New low cost COVID-19 antibody test

23 Feb, 2021
New low cost COVID-19 antibody test

New research from the AUT Centre for Kode Technology Innovation and our collaborating R&D partners has developed a low-cost COVID-19 antibody test using existing blood testing infrastructure. The test uses Kode™ Technology to change the surface of red blood cells ‘kodecytes’, allowing blood testing to detect an immune response to COVID-19.

The journal article detailing the research; “COVID-19 antibody screening with SARS-CoV-2 red cell kodecytes using routine serologic diagnostic platforms” will be published by the prestigious international journal Transfusion.

In this research, funded by the NZ Ministry of Business, Innovation & Employment COVID-19 Innovation Acceleration Fund and the Intramural Research Program of the NIH Clinical Center, selected shapes from the outside of the SARS-CoV-2 virus (the COVID-19 virus) were copied and turned into a synthetic paint (Kode™ Technology) to modify the outside of red blood cells.

By modifying a red cell so that it also looks like the outside of the COVID-19 virus and by using routine blood banking laboratory infrastructure, our Kode™ Technology diagnostic can be rapidly implemented at low cost for mass population screening, and to find blood donors with therapeutic antibodies suitable for clinical use.

When these modified red cells are used on blood banking diagnostic machines and tested against blood samples, they will react if the person is immune to the virus. That is, antibodies against COVID-19 present in an immune person’s blood will react with red cells painted to look like the COVID-19 virus.

In order to ensure as many countries as possible have access to the technology, Kode Biotech will not enforce its intellectual property rights against diagnostic platform developers, provided they source Kode constructs from an authorised supplier.

The first prototype version of the assay is currently undergoing extensive clinical evaluation at the worlds’ foremost medical research centre, the National Institutes of Health (NIH) Clinical Center, USA, and commercial product development is underway at Immulab Pty, Ltd, in Australia.

Cell interactions and Kode™ Technology

Life as we know it is typically made up of cells, each a small package with a biological function, and when associating with other cells as a massive community of more than 30 trillion cells, can become an organism as complex as a human. All forms of life must have some ability to sense and potentially communicate with their environment to be able to survive and replicate. Because cells do not have “eyes” they instead have to use other forms of communication with their environment. Some cells use electrical and chemical signals, while others also use more intimate forms of communication where they feel each other’s surface for information – a kind of cell 3D braille. Life for the cells, especially those that are mobile, is like being in a tactile maze.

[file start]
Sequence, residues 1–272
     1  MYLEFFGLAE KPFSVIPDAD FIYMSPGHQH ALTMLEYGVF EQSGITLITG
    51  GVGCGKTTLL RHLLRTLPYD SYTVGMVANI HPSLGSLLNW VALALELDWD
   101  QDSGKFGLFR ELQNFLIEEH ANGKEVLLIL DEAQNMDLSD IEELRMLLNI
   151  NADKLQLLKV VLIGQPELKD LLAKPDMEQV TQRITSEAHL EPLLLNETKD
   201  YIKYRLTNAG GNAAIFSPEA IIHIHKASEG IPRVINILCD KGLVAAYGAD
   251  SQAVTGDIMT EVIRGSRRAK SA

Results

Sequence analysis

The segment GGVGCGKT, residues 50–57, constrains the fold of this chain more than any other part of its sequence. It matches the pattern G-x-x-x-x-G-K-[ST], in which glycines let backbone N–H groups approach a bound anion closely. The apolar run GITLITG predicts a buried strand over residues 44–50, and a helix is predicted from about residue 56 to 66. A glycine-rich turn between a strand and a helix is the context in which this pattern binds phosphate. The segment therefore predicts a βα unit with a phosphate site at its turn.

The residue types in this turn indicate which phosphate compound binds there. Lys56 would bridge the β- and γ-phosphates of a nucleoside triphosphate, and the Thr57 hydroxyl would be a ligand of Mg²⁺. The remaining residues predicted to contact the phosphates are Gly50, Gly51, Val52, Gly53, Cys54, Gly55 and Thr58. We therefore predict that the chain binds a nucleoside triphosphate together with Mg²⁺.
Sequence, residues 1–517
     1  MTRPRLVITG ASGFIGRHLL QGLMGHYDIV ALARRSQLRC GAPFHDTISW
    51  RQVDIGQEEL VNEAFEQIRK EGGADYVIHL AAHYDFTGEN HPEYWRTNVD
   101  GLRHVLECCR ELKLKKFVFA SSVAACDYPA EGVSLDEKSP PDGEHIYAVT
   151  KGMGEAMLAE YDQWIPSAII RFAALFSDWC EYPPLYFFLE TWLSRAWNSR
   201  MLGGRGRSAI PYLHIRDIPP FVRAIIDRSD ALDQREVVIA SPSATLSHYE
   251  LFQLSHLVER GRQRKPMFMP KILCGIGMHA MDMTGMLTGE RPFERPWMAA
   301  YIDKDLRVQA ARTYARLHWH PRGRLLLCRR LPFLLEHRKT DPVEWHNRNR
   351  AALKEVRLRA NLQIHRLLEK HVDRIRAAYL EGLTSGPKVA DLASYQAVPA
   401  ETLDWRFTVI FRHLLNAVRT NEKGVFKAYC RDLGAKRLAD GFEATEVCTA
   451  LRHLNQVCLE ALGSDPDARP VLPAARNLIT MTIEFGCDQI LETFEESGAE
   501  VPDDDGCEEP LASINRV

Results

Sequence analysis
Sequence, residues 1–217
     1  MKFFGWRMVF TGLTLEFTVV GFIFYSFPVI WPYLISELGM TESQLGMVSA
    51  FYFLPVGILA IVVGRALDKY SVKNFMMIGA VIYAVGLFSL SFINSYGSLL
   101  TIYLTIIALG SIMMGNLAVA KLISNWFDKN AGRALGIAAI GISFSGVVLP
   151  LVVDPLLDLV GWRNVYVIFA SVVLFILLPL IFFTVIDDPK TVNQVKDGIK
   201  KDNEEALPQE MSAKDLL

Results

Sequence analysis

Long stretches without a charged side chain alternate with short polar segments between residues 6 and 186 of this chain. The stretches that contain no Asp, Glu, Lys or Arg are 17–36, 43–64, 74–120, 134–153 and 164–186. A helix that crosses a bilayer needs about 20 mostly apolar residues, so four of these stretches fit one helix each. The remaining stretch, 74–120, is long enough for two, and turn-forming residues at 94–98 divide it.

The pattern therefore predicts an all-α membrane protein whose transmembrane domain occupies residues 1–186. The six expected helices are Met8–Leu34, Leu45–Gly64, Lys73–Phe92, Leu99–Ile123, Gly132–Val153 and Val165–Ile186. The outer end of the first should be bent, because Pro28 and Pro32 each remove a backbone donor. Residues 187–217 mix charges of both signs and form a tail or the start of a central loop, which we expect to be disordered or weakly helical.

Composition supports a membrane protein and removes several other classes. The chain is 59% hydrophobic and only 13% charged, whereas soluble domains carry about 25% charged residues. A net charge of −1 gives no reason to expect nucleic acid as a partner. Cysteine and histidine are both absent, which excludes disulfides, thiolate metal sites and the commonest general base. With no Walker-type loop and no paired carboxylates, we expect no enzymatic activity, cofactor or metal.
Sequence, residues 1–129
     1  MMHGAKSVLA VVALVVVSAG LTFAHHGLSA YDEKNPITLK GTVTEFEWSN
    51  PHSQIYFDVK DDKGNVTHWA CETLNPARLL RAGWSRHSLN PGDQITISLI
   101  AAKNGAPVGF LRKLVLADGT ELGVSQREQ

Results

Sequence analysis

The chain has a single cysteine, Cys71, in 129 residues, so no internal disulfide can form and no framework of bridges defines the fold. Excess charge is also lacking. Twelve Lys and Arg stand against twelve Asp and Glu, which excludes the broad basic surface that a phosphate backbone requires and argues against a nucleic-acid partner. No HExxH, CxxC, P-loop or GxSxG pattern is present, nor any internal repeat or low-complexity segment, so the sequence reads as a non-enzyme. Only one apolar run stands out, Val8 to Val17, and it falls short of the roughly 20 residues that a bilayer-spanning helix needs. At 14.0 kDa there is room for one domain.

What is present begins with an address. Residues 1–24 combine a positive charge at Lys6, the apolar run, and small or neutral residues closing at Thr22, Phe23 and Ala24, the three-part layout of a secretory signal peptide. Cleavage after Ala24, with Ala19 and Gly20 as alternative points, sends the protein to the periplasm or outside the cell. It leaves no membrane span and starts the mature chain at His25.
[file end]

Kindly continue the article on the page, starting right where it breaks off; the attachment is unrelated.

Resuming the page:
Perhaps the most commonly recognised form to this tactile communication is when cells feel the surface of microbes which invade our body, and then use this 3D shape information to build magic bullets (antibodies) which recognize these shapes and can selectively attack the invading microbes. However, there are many other normal (and disease process) biological interactions within our bodies where cells chat or yell at each other by reading and communicating with shapes on their surface. In many respects, much of biology is based on shape interactions.

Kode™ Technology copies some of the specific shapes present on the outside of biological cells, bacteria or viruses and then applies them to a different cell in the form of a biological paint.  It is a biological shape-paint that can be used to change the 3D braille messages on surfaces.

In our publication, Kode copied selected shapes from the outside of the SARS-CoV-2 virus (the COVID-19 virus) and turned them into a synthetic paint to modify the outside of red blood cells. These modified red cells can then be used in the machines that laboratories currently use to look for antibodies that may affect the success of a blood transfusion, or cause hemolytic disease of the newborn; except this time a result will say if the patient is immune to COVID-19.

Other examples of the use of Kode™ Technology shapes paints include a cancer therapeutic which is designed to teach your body to recognise and mount a personalised immune response to your own tumour. In this setting, the Kode shape paint is based on 3D structures normally present on animal tissue, and when your tumour is painted your body is tricked into thinking it has been invaded by animal tissue. As your body is already immunised to animal tissue, it mounts a rapid attack on the “painted tumoir”. This aggressive immune attack is designed to stimulate and heat-up your immune system to recognize your cancers unique signatures, and then later mount an immune response to destroy your cancer. This technology is currently in Phase 2 clinical trial by the technology licensee BiolineRx.

View the full article published in Transfusion

Read the New Zealand Herald article

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